What is the Date, History, and Significance of the Festival of Colours - Holi 2023 in India?
Holi, a joyful festival of colours, is the most awaited festival of the spring season in India and celebrated worldwide with full zest and enthusiasm. It is one of the most popular ancient Hindu festivals that signifies the triumph of good over evil and celebrates the eternal love of Lord Krishna and Radha. This year, Holi will be celebrated on March 8th, which is the full-moon day of the Phalguna month in the Hindu calendar.
Holi is celebrated for two days. The first day, known as Holika Dahan or Chhoti Holi, will be commemorated on March 7th, while the second day, called Rangwali Holi, Dhulandi or Phagwah, will be celebrated on March 8th. The festival is associated with the legend of Prahlad and Hiranyakashipu from Hindu mythology. It is celebrated by lighting a bonfire, symbolizing the victory of good over evil, on the first day of Holi.
On the second day of Holi, people play with colours and water, smear each other with coloured powder, throw water balloons, and indulge in festive food and sweets. The festival is a symbol of joy, unity, and love, where people forget their differences and come together to celebrate.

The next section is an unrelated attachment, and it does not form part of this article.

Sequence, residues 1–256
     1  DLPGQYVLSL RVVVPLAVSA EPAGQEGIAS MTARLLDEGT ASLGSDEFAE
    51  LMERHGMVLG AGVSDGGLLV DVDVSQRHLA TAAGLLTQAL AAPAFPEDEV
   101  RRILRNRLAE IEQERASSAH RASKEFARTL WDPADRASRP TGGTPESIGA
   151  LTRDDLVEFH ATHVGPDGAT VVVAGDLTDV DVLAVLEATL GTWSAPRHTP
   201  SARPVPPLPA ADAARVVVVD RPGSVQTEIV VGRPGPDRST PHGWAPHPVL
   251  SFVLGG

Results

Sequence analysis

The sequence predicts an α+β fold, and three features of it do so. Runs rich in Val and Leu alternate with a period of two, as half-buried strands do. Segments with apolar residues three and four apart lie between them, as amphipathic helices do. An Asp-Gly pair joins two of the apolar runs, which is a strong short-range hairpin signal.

Holi is a popular festival that celebrates love, happiness, spring, and good over evil. It is customary to indulge in bhang, an intoxicating drink made from cannabis, on this day. The festival has spread beyond Hindu communities and is now celebrated by non-Hindus across many parts of India and the world. It has become a spring celebration of love, frolic, and colours in parts of Europe and North America in recent years.
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